When the girls were first born, I would have bristled at anyone saying that M was “another” J. Over the years, though, I’ve learned to embrace the similarities and closeness between my girls, while also celebrating their individuality and differences. Both my girls are well-adjusted, independent, and happy. Most of the time, they love being together, but sometimes they need time apart and they argue often.

I don’t think J’s conception of M as her other self was imposed on her from outside. It’s just one more aspect of the relationship that M and J share, one that might have existed even if they weren’t identical, even if they weren’t twins, perhaps even if they weren’t sisters. I kind of like the idea of my daughters adding up to “another me” when it comes to physical labour, too.

How do your multiples perceive their siblings in relation to themselves?

Sadia is a divorced mother of 6-year-old twin girls, living in the Austin, TX area.

Switcheroo

My daughter J cried herself to sleep last night, as she had the night before.

The first night, it was because I made her go to bed without a bath after she earned a timeout. She earned the timeout for backtalk and kicking at me for asking her to take a bath. Yes, that’s exactly as circular as it sounds. Last night, the tears were because I didn’t let her finish her science homework because she remembered it (after I’d asked 2 hours earlier and she’d told me she was done) 1 minute before bedtime.

Over dinner tonight, I had to lay out our ground rules again. I’m willing to hear the girls’ opinions, but they are to listen/obey first, then talk.

We’d talked specifically about what had gone wrong last night earlier in the day, after we’d all had a chance to sleep on it. I reminded J that I’d made it very clear that both my 6-year-olds were to be in bed at 8:30, no matter what.

“You didn’t explain that properly,” she retorted. “‘No matter what’ isn’t even words!”

“I know what ‘no matter what’ means,” her twin, M, piped up helpfully from the other bed. “It means, ‘no exceptions!’”

My girls have a tendency to react to bad behaviour from Sissy by being extra-helpful and extra-cheerful. It’s actually a great arrangement from my perspective, since it means that I have only rarely had to deal with both girls crying or acting out at once. Most of the time, they’re both very good-natured and bouncy, so I’m glad they don’t get down in the dumps together.

When I go to the bottom of what was bugging J, it was concern about the next week. Spring break starts tomorrow, and the girls will be driving off with Daddy to spend the week with him in El Paso. They live with me, and this will be the longest they’ve spent with Daddy since he and I separated last April.

Tonight, it was M who cried at bedtime.

“When the overwhelmness fills my whole body,” M explained through her tears, “it makes tears come from my eyes. I’m going to miss you too much. I hate this divorce. Divorce is a ugly stupid word. I wish no parents ever fought ever and there was no word of ‘divorce.’”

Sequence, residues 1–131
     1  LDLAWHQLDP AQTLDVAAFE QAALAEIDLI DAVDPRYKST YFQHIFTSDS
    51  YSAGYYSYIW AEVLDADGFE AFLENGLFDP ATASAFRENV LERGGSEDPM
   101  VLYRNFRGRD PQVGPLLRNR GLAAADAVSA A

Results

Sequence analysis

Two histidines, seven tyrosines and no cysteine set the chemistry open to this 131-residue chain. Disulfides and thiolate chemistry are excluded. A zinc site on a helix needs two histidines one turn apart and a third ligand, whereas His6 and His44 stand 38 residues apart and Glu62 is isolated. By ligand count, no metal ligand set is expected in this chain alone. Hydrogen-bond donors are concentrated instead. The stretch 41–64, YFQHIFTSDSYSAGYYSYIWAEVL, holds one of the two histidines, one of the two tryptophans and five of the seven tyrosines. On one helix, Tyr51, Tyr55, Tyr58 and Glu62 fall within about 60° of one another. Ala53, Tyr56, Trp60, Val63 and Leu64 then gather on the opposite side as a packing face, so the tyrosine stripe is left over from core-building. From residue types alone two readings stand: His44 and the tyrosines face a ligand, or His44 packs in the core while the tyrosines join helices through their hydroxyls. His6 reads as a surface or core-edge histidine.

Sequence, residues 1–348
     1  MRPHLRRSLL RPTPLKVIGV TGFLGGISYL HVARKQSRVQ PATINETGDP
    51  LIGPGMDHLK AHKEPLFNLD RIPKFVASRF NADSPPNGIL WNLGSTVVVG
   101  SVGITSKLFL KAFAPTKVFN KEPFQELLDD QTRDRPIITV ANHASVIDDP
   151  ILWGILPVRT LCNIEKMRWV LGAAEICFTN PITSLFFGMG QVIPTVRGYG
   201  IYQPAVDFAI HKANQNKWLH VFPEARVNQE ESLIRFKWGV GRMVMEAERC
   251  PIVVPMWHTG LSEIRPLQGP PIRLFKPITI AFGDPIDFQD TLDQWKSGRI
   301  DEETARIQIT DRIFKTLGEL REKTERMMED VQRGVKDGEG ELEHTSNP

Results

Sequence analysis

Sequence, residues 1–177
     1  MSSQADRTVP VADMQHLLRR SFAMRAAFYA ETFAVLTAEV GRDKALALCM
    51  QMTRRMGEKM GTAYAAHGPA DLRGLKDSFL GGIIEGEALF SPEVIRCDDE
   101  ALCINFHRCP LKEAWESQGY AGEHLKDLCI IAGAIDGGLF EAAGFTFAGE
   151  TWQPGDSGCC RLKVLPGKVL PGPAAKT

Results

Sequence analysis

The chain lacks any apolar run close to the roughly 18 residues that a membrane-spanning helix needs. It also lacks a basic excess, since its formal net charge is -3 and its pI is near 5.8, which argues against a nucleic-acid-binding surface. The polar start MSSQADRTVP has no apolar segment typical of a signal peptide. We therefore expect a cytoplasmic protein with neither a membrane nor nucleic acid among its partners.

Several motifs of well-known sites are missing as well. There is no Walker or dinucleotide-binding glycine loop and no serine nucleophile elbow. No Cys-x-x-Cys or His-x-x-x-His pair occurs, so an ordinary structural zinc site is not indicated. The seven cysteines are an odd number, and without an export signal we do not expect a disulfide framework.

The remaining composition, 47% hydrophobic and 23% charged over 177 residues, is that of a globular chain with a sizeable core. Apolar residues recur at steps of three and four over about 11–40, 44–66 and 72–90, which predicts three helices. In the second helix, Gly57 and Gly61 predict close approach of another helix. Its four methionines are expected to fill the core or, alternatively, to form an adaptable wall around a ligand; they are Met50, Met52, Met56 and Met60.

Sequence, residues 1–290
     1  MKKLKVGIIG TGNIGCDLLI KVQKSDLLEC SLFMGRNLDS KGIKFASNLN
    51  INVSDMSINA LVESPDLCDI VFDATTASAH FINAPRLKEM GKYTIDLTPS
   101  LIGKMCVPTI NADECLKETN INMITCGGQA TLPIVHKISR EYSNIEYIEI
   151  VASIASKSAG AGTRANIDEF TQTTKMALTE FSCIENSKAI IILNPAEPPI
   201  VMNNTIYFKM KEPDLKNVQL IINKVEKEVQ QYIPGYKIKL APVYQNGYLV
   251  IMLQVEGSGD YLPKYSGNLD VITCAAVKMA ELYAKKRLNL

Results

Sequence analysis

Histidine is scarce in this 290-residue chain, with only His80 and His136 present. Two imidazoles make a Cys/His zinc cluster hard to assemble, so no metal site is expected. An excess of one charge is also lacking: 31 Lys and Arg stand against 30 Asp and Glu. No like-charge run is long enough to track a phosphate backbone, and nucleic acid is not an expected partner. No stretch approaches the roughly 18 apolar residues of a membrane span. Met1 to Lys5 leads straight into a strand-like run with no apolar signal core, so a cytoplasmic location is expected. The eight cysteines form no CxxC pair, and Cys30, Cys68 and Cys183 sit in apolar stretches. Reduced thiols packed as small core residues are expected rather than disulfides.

J was the one to try to lighten the mood, reminding her sister of a movie they’d watched with their school counselor at ‘divorce club,’ the monthly meeting for 1st graders with divorced parents.

The nutty thing is that, until the last month or so, J has been the one completely in touch with her emotions. She’s been the one who explains to me clearly exactly how she feels about all the recent changes in her life, while M has acted out and needed a lot of help to get to the root of her worries.

This sort of role switcheroo happens all the time with my girls. One will be extremely mature and in touch with her feelings, while the other is a mess with no idea what’s bothering her. After a few days, or weeks, or months, they’ll suddenly switch roles. One will bury her nose in a book 24/7, while the other wants to play, and one day, the arguments will remain exactly the same, but with J and M reversing positions. When they were babies, M was the one who loved to be held and rocked and snuggled, while J would cry to be put down. Today, J’s the one who lists “snuggles” in the “need” column on school assignments on needs versus wants, while M tells me that my goodnight hug was “too much squishing.”

Of course, there are a lot of ways in which M and J are consistently distinct from each other. M can talk the hind leg off a donkey and just be getting started. J takes earnestness to a fine art. M is a picky, picky eater, while J is usually open to liking new things if I can convince her to try them. J has the ability to warm a stranger’s heart with one word or look, while M can leave people writhing with laughter with her wry humour.

I’m pretty sure that there’s nothing conscious about the way that J and M go about reversing roles and maintaining balance, but I can’t help thinking that the sensitivity that they’ve learned from adjusting to each others’ moods and needs will serve them well in personal and professional relationships throughout their lives.

Do your multiples switch roles?

Sadia lives and overthinks matters of parenting in the suburbs of Austin, TX. She is newly divorced and works in higher education IT. She will be at work, not at SXSW, this week. Her daughters, M and J, are identical 6-year-olds in 1st grade.

Paired Imagination

I’m not a huge fan of driving—I put off learning how to drive until I was 25—but I do love overhearing my daughters’ conversations in the car.

Yesterday was Movie Day at the summer day camp our 6-year-olds are attending. The kids were invited to bring pillows and blankets, and the older kids were put to work first thing in the morning dividing a massive quantity of popcorn into single servings.

FueyFuzzy